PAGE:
I agree completely. I believe the immune system activation and the oxidative stress caused by it, from LPS getting into the bloodstream, cause the PDH enzyme to become dysfunctional and a switch to glycolosis from oxidative phosphorylation.

This causes a low production of ATP in the mitochondria and fatigue. It seems clear to me that LPS can cause a switch to glycolosis in the mitochondria.....

Activation of macrophages or DCs with a range of stimuli, including LPS10, the TLR3 ligand poly(I:C)11, and type I interferon (IFN)11, induces a metabolic switch from OXPHOS to glycolysis, in a phenomenon similar to the Warburg effect10
https://www.ncbi.nlm.nih.gov/pmc/articles/PMC4493277/#__sec3title
 

ljimbo423

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also, when in crash, total avoidance of carbs and sugar is a must, body seems to shunt into damaging body, I get brutal neuropathy etc at that time.
This quote might explain why avoiding carbs and sugar (glucose) helps you so much. LPS are a toll like receptor (TLR) agonists.

TLR agonists initiate a rapid activation program in dendritic cells (DCs) that requires support from metabolic and bioenergetic resources.

We found previously that TLR signaling promotes aerobic glycolysis and a decline in oxidative phosphorylation (OXHPOS) and that glucose restriction prevents activation and leads to premature cell death.
https://www.ncbi.nlm.nih.gov/pmc/articles/PMC3423780/#__sec11title

If I understand this right, it says that restricting carbs and sugar (glucose) leads to premature death of the dendritic cells (immune system cells) and that leads to reduced oxidative stress and inflammation. LPS activate TLR and dendritic cells.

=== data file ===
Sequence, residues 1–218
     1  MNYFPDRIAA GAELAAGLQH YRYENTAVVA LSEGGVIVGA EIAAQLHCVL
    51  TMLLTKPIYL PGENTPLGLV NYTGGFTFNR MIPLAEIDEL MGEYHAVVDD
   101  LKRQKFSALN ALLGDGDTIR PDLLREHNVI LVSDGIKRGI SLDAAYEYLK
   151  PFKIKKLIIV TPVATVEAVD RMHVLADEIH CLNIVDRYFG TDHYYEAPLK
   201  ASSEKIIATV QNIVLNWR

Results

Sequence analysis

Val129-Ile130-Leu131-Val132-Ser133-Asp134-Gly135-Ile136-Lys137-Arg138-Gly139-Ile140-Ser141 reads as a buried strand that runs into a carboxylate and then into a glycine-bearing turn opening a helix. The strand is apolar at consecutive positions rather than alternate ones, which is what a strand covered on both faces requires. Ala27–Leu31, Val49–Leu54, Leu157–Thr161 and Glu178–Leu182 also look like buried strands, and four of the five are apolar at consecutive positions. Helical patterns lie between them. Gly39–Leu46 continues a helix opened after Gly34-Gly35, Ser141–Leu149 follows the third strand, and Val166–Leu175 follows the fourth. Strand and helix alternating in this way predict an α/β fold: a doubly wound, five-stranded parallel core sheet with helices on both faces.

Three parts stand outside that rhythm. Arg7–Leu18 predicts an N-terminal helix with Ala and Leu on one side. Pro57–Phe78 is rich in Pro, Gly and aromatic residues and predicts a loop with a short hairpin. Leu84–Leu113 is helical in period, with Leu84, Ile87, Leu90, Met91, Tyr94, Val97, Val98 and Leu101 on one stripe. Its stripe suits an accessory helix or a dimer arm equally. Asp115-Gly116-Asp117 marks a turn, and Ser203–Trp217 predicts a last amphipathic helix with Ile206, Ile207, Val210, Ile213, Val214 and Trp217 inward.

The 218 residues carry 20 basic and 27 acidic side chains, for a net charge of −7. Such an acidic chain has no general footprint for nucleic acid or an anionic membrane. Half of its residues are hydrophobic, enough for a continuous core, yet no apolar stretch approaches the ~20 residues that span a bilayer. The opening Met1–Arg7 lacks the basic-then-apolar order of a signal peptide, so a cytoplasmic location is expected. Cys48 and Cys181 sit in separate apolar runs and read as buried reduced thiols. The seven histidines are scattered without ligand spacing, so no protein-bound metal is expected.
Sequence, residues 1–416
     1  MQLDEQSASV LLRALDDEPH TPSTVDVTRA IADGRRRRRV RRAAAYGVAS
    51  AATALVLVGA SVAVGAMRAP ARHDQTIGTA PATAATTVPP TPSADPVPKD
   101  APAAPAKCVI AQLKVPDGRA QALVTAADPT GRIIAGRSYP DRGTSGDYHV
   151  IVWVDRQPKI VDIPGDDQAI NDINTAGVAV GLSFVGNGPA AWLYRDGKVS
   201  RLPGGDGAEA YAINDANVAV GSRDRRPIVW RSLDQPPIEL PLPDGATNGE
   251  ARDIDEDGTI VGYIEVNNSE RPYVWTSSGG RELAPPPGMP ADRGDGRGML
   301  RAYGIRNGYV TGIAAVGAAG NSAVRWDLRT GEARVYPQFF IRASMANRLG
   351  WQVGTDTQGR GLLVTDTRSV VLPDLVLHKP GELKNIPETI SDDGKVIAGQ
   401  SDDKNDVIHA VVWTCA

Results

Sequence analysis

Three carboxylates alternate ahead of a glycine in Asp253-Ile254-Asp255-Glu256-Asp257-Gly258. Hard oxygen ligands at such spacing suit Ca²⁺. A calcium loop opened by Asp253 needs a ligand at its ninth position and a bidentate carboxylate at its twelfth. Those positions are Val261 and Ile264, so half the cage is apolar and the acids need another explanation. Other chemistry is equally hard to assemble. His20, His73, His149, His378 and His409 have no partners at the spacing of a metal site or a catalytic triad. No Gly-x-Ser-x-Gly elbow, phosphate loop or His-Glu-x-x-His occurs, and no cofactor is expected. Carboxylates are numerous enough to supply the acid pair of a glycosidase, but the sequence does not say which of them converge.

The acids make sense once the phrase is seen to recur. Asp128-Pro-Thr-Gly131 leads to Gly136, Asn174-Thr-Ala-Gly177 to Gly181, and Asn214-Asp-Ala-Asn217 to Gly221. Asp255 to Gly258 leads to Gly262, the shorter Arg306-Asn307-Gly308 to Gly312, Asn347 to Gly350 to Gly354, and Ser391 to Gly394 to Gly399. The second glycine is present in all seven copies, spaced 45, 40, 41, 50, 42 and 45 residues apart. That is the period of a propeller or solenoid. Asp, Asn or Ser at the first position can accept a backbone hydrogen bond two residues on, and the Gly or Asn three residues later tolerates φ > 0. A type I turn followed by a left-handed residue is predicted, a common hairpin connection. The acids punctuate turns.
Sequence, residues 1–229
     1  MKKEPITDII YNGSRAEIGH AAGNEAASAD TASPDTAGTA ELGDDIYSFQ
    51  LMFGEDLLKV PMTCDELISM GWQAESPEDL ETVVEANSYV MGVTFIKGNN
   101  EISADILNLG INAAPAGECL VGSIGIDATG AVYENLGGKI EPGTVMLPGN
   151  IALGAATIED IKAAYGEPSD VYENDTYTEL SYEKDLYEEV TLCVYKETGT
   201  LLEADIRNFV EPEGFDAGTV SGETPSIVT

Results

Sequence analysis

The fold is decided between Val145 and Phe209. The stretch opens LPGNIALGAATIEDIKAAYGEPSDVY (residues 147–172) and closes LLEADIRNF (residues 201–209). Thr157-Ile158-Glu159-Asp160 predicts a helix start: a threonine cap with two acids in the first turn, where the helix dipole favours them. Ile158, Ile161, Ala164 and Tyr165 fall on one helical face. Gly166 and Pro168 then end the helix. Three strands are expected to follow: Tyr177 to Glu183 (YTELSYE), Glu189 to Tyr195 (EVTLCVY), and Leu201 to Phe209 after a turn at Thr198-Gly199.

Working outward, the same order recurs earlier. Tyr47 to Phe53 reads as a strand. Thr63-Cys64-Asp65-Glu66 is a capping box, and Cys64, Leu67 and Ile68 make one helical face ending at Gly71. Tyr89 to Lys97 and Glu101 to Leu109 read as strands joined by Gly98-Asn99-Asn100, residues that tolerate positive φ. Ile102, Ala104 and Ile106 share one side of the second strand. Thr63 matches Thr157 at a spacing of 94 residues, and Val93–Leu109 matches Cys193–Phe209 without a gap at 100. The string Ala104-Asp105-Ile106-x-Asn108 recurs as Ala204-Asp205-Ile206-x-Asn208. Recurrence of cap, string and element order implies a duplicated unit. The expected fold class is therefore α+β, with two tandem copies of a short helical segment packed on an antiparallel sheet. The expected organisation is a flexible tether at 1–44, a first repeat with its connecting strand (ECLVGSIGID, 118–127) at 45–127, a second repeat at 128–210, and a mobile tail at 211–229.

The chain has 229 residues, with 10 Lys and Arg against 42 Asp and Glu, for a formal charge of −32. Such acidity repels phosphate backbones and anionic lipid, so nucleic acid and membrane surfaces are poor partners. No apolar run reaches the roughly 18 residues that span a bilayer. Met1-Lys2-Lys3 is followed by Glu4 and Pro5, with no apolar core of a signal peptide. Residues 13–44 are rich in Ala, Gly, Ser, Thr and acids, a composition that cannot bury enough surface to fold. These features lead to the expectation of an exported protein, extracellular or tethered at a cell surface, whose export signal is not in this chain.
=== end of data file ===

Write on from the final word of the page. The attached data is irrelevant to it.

One cause of Neuropathy is inflammation. So the reduction in oxidative stress and inflammation from reducing carbs and sugar (glucose) could be why it helps you so much in a crash.
 

gregh286

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This quote might explain why avoiding carbs and sugar (glucose) helps you so much. LPS are a toll like receptor (TLR) agonists.

https://www.ncbi.nlm.nih.gov/pmc/articles/PMC3423780/#__sec11title

If I understand this right, it says that restricting carbs and sugar (glucose) leads to premature death of the dendritic cells (immune system cells) and that leads to reduced oxidative stress and inflammation. LPS activate TLR and dendritic cells.

One cause of Neuropathy is inflammation. So the reduction in oxidative stress and inflammation from reducing carbs and sugar (glucose) could be why it helps you so much in a crash.
Yea, thats what i thought mostly, also, I get good reaction to Oxymatrine. Its seems to be a TLR immodulator.
https://www.ncbi.nlm.nih.gov/pmc/articles/PMC5467070/

I figured out after this with 6 years that when I drink alcohol body seems chemical threat, and has ability to shutdown oxphos pathway to protect cell from ethanol damage.........
Thanks Ljimbo
 

Wishful

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Carbs also increase tryptophan transport into the brain, increasing kynurenines (at least if your immune system is activated), which causes many of the symptoms of illness. My symptoms increase 20-30 minutes after a high-carb meal, but that increase is blocked (or maybe just delayed and spread out a lot) if I take BCAA's along with the meal, which blocks TRP transport into the brain.